Monday, February 06, 2023

The Magic Kingdom by Russell Banks, his elegiac novel about early Florida

The quest for a perfect society is woven into the American experience. Through his bittersweet novel, Banks explores the flaws in the design of an early 20th-century utopia—and by extension, perhaps all utopias—through one man’s mournful regrets.

The premise is that the author discovered a collection of reel-to-reel tapes in a dingy Florida library basement and transcribed and edited their forgotten narrative: the confession and catharsis of Harley Mann, an elderly real estate investor, who speaks in 1971 about his long-ago past.

As a twelve-year-old boy in 1902, Harley is eager to please but has an independent mind. After his father dies, his mother moves the family from their secular Georgia commune to a plantation whose cruelty becomes apparent. Rescued by the charismatic Elder John, the Manns head south to abide with the Shakers in his community, New Bethany, in central Florida.

The children, too young to formally become Shakers, all learn the ways of the oddly compelling religion. Harley trains in beekeeping and becomes Elder John’s protégé, though his obsession with Sadie Pratt, a tuberculosis patient seven years his elder, threatens his devotion to his Shaker family—who are celibate—and the group’s very stability.

The Shakers are industrious, but their focus is neither charitable nor commercial, and the plot evokes these tensions. While The Magic Kingdom is an engrossing morality tale, Banks is equally concerned with how the characters live day-to-day alongside their beliefs and nature. The land and waters—which intermingle in this swampy country—are gloriously described, as are the native birds and other animals.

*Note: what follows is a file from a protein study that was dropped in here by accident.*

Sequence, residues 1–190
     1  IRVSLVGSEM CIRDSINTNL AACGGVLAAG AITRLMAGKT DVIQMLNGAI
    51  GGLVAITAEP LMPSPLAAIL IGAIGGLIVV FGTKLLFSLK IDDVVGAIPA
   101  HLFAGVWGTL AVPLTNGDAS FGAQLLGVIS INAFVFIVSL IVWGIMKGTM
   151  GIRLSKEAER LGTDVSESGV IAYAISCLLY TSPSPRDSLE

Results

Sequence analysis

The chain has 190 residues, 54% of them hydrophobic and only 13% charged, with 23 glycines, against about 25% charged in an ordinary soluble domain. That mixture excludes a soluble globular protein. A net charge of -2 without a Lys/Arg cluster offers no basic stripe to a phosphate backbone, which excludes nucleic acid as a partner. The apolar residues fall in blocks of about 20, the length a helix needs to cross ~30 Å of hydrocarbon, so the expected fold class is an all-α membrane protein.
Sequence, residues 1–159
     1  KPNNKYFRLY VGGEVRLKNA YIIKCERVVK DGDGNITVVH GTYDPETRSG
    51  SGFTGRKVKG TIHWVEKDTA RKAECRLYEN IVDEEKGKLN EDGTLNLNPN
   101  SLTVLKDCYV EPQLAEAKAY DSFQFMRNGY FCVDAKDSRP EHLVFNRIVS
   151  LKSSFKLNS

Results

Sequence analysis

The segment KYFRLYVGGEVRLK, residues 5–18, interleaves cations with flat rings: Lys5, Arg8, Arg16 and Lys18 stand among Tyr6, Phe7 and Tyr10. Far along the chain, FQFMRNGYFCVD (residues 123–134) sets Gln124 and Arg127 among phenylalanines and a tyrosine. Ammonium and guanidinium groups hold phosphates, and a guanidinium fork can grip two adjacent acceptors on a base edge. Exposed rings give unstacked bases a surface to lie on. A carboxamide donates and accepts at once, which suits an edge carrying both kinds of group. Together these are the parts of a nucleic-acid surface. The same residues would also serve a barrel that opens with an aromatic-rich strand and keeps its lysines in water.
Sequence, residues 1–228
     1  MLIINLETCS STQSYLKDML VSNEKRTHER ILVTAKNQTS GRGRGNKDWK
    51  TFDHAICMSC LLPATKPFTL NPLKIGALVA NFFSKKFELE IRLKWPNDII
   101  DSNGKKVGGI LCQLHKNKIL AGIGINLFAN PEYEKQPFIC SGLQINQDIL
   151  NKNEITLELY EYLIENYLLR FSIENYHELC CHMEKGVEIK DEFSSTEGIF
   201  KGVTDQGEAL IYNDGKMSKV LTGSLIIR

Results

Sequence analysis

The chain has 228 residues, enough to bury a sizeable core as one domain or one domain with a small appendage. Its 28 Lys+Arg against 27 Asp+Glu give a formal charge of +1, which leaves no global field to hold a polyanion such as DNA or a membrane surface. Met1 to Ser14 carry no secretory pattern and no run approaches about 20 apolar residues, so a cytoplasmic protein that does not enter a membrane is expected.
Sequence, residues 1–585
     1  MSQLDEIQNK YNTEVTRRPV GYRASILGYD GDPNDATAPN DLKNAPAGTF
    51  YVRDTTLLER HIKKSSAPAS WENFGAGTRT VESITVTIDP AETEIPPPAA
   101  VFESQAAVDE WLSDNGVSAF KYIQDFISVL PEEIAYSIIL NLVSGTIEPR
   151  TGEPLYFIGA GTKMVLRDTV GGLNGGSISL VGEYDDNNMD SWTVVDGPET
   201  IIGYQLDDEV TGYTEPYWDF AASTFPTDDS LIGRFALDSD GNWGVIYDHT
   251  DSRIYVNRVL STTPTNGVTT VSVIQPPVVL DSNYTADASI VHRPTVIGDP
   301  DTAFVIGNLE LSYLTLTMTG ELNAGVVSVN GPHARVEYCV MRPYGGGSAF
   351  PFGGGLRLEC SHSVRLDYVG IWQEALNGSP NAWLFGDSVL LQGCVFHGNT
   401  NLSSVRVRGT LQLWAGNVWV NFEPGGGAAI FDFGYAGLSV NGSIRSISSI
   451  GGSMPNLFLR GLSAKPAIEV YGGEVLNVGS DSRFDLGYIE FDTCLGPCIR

Contrasts with the profitable artifice of the Walt Disney Company, which we’re told eventually purchased the Shakers’ land, quietly underlie the entire novel. It all leaves the reader, like Harley, yearning to return to this unspoiled, vanished paradise, imperfect as it was.

I wrote this review for February's Historical Novels Review, and it was published by Knopf last fall (and No Exit Press in the UK). The Magic Kingdom is Russell Banks' final novel. Several days after I finished it, I read online that he had passed away at age 82.  Read the obituary at NPR, which describes him as a writer who "found the mythical in marginal lives."


  1. Caz F-G7:09 PM

    This review makes me want to read and explore not only this book, but this genre as a whole!

  2. Anonymous10:05 PM

    This looks amazing! Thanks for the review.

    1. It's the type of novel that sweeps you away into another world, just the type I enjoy reading. Thanks for your comment!